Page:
- Combating loss in the supply chain is more about processes than technology, says Mike Davies, UK CEO for international IT and business services company, Enabler.
- Loss prevention has become a hot topic for retailers as the scale of the problem has sunk in and as new strategies for combating it have emerged.
- The latest figures from the Theft Barometer from Centre for Retail Research show that in the trading year 2004-05, the shrinkage suffered by Europes retailers has fallen dramatically from 1.34 per cent of turnover (twelve months to June 2004) to an average of 1.25 per cent (twelve months to June 2005).
- However, Retail crime adds up to 21 billion in the same period. Worse, this figures translates to as much as 18 per cent of profit. There is clearly more that can be done to reduce the figure by looking at all forms of loss, through theft, process errors, wastage, damage and inefficiency.
- Technologies abound for combating loss, mainly in the store, but increasingly in the supply chain, comprising the usual physical deterrents in the form of CCTV, security gates and security staff and latterly, software that can be set up to spot anomalies in business and sales transactions.
- However, these solutions can be little more than paper to cover the cracks if the retailers processes and procedures are the primary cause of loss in the first place. For instance, while a retailer may be looking for instances of theft in the warehouse, it may be a bad procedure that is resulting in the loss, or an error made by a badly trained employee.
- Of course, all this presupposes that the company is even aware of the loss. While loss prevention has become high profile in the store, in the supply chain it is often overlooked many instances of loss simply go unnoticed. It also depends how the company defines loss. The main focus is currently on theft, which comprises the greater part of all shrinkage, but overall loss is a much broader issue, encompassing perished or damaged goods, process errors and missed opportunities.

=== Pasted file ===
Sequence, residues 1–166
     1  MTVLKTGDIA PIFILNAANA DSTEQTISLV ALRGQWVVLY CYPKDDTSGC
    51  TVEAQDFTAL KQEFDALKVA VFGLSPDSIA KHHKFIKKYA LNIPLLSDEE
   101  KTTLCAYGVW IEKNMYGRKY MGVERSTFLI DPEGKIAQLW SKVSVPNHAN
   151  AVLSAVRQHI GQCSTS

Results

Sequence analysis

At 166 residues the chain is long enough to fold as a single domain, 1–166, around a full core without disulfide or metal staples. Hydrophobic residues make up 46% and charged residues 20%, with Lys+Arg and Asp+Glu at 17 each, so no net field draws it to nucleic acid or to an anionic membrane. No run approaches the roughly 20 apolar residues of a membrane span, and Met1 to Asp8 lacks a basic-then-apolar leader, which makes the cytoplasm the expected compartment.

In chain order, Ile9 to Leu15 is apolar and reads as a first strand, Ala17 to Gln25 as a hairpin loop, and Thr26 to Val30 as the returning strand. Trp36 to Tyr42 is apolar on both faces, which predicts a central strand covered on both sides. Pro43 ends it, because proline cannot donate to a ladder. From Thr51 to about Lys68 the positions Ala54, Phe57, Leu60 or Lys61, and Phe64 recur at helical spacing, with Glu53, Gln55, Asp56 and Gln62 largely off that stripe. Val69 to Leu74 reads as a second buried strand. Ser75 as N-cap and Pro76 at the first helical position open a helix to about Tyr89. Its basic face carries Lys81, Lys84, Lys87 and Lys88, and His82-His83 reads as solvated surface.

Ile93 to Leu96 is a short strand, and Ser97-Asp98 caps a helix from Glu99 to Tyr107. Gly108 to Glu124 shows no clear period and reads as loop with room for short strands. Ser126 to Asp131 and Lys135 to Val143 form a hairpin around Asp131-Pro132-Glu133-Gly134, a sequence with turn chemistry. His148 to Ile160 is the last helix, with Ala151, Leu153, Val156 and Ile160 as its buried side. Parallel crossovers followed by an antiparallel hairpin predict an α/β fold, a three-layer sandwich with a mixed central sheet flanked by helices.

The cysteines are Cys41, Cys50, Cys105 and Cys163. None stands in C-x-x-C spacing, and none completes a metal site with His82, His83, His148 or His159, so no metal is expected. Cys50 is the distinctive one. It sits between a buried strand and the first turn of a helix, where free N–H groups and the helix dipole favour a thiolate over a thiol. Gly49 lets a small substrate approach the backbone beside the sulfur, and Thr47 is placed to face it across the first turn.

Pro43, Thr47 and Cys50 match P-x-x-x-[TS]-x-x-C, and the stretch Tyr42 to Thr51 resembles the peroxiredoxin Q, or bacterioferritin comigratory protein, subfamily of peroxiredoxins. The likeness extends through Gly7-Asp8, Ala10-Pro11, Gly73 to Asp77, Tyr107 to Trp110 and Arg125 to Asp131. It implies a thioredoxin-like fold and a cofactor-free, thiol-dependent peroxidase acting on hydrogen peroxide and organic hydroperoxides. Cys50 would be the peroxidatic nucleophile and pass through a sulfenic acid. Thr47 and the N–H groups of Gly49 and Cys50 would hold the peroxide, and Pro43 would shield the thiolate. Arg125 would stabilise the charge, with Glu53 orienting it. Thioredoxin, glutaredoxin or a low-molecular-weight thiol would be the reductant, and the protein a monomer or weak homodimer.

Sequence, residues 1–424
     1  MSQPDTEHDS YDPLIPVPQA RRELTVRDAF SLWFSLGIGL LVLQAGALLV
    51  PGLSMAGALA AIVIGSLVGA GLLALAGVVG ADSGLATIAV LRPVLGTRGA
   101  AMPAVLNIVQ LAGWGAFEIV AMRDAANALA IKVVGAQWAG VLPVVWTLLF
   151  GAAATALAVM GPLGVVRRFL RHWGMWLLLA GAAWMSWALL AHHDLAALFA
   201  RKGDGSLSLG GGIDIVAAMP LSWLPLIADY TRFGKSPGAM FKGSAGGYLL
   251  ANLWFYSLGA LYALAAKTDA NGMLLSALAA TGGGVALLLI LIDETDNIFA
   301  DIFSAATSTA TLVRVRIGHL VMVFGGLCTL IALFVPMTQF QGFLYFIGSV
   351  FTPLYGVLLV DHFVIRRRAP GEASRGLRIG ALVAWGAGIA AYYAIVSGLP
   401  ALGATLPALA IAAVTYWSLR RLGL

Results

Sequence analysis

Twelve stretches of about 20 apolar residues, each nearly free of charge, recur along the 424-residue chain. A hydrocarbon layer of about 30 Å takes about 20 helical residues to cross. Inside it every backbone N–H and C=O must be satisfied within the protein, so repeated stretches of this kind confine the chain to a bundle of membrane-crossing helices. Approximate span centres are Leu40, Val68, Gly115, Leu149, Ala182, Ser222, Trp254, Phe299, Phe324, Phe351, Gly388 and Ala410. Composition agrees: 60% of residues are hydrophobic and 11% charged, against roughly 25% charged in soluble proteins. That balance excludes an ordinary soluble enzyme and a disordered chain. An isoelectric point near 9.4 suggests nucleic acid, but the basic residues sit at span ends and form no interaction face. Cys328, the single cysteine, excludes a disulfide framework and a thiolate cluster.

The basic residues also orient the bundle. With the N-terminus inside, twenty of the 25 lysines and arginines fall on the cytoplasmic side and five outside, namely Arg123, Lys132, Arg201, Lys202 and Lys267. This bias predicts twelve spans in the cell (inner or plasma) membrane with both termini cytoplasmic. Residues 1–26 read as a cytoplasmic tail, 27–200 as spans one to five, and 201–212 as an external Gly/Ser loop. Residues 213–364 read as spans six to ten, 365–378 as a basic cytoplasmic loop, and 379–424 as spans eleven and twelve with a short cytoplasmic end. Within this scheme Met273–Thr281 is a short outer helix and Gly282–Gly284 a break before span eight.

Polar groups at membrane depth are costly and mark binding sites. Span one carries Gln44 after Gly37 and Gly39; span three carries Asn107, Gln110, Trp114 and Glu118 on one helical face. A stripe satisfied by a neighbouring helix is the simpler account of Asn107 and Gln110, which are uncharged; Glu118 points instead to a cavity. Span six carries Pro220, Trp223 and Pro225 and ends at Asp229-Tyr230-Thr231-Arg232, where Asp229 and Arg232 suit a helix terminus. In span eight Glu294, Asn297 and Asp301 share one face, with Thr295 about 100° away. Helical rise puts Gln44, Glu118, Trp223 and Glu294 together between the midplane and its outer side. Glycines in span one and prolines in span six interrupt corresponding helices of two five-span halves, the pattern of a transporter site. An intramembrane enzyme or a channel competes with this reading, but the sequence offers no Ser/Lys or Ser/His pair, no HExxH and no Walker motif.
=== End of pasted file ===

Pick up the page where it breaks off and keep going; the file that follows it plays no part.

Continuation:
- For instance, how much money is the business losing because loads are not optimised, or there is no strategy for back-loading, or simple tasks in the DC are not being carried out efficiently, or highly experienced staff are not being used as effectively as part-timers. And so on. With this perspective, retailers will start to see a host of areas where improvements can be made to cut losses.
- It is critical to identify these areas and measure the scale of the loss first, before determining where technology can be of assistance. And of course, it may be technology that is the problem in the first place where different systems are not integrated so that inefficiency creeps in as one process finishes and kicks off another that may be managed under a different system altogether.
- The first task therefore is to identify the areas where loss is greatest both financially and in terms of impact on the business as a whole. The second task is to determine the ideal solution, which may be to implement new software, but it may be as simple as redesigning an existing process or introducing new ones. It may be about additional training, or even changing HR policies to attract a new type of employee and gradually discouraging those who are set in the old way of doing things.
- In this environment, where processes come first, technology plays a supporting not a leading role and therefore must be specified, deployed and road-tested accordingly. Portuguese grocery retailer, Modelo Continente, has taken just such an approach, with the result that it has already found ways to reduce shrinkage by EURO 25 million over three years.
Putting processes before technology is the answer to combating shrinkage in the supply chain
May 16, 2006 Comments (0)